Josh Johnson took a big step forward last time out in his return from a shoulder injury, but was still denied his first victory in over a year.
The Miami Marlins' ace hopes for a similar outing today but with a winning result in the third contest of a four-game series against the Arizona Diamondbacks.
Johnson's 2011 season ended after just nine starts due to right shoulder inflammation, ending a solid start to a campaign in which he was 3-1 with a 1.64 earned run average.
The 28-year-old righty was then rocked for nine runs and 21 hits over 9 2/3 innings over his first two starts of this season, both losses, but has since settled down over a pair of outings.
Johnson pitched a season-high seven innings in a no-decision against the Cubs on April 17, allowing two runs, then struck out nine while scattering three hits and a walk over 6 2/3 innings of one-run ball on Tuesday versus the Mets. However, he didn't get a decision in his club's 2-1 loss, getting denied his first win since April 19.
Still, Johnson called the start a big step forward and is 3-1 with a 1.00 ERA in four career starts against the Diamondbacks.
Arizona will give 25-year-old Wade Miley another start in place of the injured Daniel Hudson after a brilliant outing on Monday.
Miley began the season with three relief appearances, then made the eighth start of his young career versus the Phillies to begin the week. He picked up the win, allowing just two hits and a walk over six scoreless innings while fanning a career-high seven batters.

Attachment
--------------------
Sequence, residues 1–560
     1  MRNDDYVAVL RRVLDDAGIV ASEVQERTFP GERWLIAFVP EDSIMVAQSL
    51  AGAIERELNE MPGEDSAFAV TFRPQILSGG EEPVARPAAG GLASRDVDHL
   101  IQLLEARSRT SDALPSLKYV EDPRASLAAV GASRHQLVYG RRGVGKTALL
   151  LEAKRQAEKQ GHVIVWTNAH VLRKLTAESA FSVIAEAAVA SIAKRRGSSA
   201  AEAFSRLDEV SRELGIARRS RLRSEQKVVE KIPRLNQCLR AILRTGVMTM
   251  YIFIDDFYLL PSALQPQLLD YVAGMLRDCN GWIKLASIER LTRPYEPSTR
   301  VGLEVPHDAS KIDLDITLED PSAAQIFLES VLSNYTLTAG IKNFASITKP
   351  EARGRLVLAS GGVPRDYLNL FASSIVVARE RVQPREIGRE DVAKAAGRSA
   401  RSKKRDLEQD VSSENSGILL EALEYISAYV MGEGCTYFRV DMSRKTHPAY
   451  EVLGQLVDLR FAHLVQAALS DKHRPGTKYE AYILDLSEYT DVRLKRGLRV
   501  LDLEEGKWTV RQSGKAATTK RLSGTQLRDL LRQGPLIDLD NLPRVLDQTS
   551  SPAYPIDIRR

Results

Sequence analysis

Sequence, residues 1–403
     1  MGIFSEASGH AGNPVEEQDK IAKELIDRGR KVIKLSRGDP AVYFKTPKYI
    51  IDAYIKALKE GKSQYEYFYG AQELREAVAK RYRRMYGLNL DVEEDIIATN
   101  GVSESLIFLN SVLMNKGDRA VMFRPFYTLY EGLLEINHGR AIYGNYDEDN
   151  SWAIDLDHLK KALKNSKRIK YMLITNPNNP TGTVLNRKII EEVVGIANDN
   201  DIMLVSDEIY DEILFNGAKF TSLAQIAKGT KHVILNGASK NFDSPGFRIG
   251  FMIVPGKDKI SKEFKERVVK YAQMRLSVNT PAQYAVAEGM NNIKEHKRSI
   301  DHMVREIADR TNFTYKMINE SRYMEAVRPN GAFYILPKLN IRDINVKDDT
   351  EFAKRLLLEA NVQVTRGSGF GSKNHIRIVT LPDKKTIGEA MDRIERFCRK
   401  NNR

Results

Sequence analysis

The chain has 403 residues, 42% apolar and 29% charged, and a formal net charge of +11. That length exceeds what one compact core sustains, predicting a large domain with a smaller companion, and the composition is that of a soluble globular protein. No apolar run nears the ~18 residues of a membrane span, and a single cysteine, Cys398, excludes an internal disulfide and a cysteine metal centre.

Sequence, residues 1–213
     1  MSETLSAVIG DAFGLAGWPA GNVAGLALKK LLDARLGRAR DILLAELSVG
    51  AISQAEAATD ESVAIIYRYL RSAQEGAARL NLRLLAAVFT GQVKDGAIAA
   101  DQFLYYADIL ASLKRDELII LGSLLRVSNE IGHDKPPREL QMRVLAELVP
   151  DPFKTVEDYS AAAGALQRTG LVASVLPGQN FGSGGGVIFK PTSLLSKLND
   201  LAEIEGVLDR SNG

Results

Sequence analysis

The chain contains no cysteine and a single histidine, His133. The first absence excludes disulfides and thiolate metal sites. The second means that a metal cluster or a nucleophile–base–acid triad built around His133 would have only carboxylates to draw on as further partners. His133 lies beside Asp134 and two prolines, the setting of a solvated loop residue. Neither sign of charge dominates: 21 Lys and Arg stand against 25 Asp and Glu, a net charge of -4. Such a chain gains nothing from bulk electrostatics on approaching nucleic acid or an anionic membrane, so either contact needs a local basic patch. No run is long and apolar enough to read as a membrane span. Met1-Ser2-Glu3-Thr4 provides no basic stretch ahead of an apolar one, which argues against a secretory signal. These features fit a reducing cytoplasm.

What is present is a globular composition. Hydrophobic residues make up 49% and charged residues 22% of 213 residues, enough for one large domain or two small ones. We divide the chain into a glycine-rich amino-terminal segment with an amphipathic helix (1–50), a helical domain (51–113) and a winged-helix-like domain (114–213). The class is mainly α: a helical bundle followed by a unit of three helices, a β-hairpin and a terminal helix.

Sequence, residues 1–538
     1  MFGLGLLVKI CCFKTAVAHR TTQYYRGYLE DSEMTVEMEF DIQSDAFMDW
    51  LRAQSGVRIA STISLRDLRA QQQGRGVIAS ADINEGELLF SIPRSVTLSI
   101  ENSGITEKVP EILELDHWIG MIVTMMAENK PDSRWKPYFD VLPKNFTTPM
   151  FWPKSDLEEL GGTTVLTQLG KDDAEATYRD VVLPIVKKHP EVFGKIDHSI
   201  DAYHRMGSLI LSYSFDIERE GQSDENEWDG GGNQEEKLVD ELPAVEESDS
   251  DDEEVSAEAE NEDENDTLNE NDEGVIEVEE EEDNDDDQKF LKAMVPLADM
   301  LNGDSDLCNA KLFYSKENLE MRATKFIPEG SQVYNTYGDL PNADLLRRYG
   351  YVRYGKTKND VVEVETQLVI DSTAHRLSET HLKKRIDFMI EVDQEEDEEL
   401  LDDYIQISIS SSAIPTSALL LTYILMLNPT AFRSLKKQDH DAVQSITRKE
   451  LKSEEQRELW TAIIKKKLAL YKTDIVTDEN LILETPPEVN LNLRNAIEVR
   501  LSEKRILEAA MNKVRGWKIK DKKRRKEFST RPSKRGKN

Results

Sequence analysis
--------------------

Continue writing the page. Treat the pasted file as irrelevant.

"He got ahead in the count a lot of the times," said Arizona manager Kirk Gibson about Miley. "He was hitting his spots tonight. He did a good job for us when we needed him to."
The lefty is now 2-0 with a 1.84 ERA on the season and none of his previous 12 career outings have come against the Marlins.
Miami drew even in this series with Saturday's 3-2 win, getting a walk-off RBI single from the struggling Hanley Ramirez to snap a six-game losing streak.
Ramirez had gone hitless in 26 straight at-bats before his game-winner that prevented him from challenging the longest hitting drought of his career, an 0-for-29 slump in 2006. He had extra motivation after the Diamondbacks walked Jose Reyes to get to him.
"It pumped me up," said Ramirez about Arizona intentionally walking Reyes. "I just told myself, shorten your swing up and stay through the middle."
Reyes, who came into the game with just three hits in his past 23 at-bats, was dropped to second in the batting order and started Miami's comeback with a run-scoring hit in the seventh, while Logan Morrison tied the game on an eighth-inning homer.
Miguel Montero and Gerardo Parra drove in a run apiece for the Diamondbacks, who have lost three of four and eight of their past 11. Aaron Hill drew a walk to reach base safely for a 16th straight game, but Jason Kubel went 0-for-4 with three strikeouts to end his 10-game hitting streak.
The Diamondbacks won five of seven versus the Marlins a season ago.